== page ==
When the school year ended in Denton (Texas) Independent School District (DISD), the Denton Inquiry 4 Lifelong Learning Project (DI4LL) sponsored a two and a half day workshop with Dr. Leslie Maniotes, coauthor of Guided Inquiry Design: A Framework for Your School (Libraries Unlimited 2012). The workshop, which was funded by a grant from the Texas State Library and Archives Commission (TSLAC), was designed for preK-12 DISD school librarians to build on the book study they had conducted. School librarians were asked to invite their classroom teacher or specialist colleagues to participate with them, and most of the librarians who attended came with one or more colleagues. I attended as the DI4LL educational consultant.
Not since the heady Library Power days of the mid-1990s have I been as impressed with professional development that involved school librarians and classroom teachers sitting side by side to learn, to identify and solve curricular challenges, and plan inquiry learning lessons and units for student success. As a professional developer, I always ask if classroom teachers are free to attend the workshops I provide for school librarians. And the answer is always the same. The teachers are in the classroom or engaged in some of type of professional development at the time of the workshop so the school librarians are meeting separately. These are missed opportunities.
The DI4LL Inquiry Design Workshop is a testimony to why joint professional development should be the rule rather than the exception. Thanks to Dr. Maniotes and her workshop design that included blocks of time for teams to talk and collaboratively plan, all of the classroom teacher-school librarian teams left the workshop with plans for teaching standards-based inquiry lessons or units of instruction.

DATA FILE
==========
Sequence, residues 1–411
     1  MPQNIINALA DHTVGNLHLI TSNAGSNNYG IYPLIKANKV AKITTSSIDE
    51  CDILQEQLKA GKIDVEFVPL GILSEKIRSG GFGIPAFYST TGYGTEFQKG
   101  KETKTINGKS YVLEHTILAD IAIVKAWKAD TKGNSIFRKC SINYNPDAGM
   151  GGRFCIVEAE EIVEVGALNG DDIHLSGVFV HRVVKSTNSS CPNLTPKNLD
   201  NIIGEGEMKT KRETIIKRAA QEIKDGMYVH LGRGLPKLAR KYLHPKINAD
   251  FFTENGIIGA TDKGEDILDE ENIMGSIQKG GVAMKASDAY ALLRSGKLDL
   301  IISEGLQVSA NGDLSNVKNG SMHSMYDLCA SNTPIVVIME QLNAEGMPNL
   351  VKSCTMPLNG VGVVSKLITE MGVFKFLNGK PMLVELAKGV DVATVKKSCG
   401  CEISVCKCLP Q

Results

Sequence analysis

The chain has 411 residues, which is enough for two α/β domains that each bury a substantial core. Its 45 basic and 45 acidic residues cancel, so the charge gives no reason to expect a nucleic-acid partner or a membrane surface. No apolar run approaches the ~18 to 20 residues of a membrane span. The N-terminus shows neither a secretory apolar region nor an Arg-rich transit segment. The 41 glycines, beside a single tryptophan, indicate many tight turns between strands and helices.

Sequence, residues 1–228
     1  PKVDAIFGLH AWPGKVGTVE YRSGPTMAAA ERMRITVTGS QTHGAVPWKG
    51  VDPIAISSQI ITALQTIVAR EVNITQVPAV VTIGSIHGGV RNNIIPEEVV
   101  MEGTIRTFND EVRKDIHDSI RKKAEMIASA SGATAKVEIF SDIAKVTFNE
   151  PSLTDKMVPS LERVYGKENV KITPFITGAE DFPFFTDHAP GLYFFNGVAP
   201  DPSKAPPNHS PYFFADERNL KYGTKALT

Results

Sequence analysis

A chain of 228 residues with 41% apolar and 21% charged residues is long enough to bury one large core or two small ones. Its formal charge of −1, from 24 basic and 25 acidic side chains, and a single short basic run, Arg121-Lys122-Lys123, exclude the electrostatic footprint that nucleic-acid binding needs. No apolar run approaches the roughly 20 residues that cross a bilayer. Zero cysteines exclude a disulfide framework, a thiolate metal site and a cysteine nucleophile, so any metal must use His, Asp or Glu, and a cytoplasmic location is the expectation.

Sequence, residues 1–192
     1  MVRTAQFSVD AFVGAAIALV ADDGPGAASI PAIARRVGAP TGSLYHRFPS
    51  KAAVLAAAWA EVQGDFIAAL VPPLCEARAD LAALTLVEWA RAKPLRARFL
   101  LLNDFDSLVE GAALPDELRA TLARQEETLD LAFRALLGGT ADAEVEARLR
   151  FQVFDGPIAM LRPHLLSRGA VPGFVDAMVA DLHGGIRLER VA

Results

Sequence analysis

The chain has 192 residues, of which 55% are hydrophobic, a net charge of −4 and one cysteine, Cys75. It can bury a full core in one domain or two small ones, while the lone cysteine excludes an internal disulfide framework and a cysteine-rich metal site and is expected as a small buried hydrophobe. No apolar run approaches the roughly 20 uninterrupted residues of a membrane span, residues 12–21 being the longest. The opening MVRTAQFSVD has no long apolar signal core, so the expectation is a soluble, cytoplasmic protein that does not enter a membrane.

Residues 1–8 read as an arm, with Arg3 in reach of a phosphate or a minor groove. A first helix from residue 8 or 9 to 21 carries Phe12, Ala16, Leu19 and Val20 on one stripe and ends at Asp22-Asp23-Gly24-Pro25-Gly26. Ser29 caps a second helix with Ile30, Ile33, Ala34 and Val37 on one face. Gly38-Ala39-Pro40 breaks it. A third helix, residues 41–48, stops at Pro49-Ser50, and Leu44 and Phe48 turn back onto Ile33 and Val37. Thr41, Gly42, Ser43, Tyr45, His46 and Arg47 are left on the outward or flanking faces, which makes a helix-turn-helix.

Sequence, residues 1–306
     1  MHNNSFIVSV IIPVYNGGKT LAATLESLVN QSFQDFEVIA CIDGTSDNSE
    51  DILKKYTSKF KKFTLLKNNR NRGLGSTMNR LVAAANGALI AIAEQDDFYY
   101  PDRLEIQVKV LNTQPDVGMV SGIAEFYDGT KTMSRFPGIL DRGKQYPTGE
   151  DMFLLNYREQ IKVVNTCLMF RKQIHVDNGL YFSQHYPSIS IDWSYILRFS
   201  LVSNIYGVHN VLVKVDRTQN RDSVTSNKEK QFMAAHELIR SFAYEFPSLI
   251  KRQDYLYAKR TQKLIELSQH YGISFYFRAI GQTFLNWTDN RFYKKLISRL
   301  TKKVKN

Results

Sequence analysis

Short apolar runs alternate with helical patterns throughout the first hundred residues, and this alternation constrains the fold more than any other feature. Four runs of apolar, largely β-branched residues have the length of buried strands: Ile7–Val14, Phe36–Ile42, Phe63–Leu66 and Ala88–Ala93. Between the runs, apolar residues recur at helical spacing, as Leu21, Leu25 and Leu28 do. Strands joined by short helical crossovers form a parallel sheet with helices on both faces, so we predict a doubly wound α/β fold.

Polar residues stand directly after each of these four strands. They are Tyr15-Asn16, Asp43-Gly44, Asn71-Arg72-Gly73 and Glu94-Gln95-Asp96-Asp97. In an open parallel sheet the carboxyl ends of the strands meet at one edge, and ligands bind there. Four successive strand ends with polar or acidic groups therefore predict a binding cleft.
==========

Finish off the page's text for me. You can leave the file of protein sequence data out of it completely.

Building relationships and instructional partnerships during professional development activities can support educators in enacting their professional development learning in their daily practice. In fact, it almost guarantees it. With shared undersandings, vocabulary, instructional goals, learning objectives for students, and teaching strategies, educators can more easily enact their learning with a colleague who will coteach with them.
Professional development that supports coteaching works. It creates opportunities for school librarians to positively impact student learning alongside classroom teachers. There is no better way for the skills and expertise of two or more educators to improve educators’ teaching and students’ learning.
Congratulations to the DISD classroom teacher/specialist and school librarian teams and to Dr. Maniotes for facilitating their outstanding collaborative work. Thank you also to TSLAC for funding this joint classroom teacher-school librarian professional development opportunity.
Kuhlthau, Carol C., Maniotes, Leslie, and Caspari, Ann. Guided Inquiry Design: A Framework for Your School. Santa Barbara, CA: Libraries Unlimited, 2012.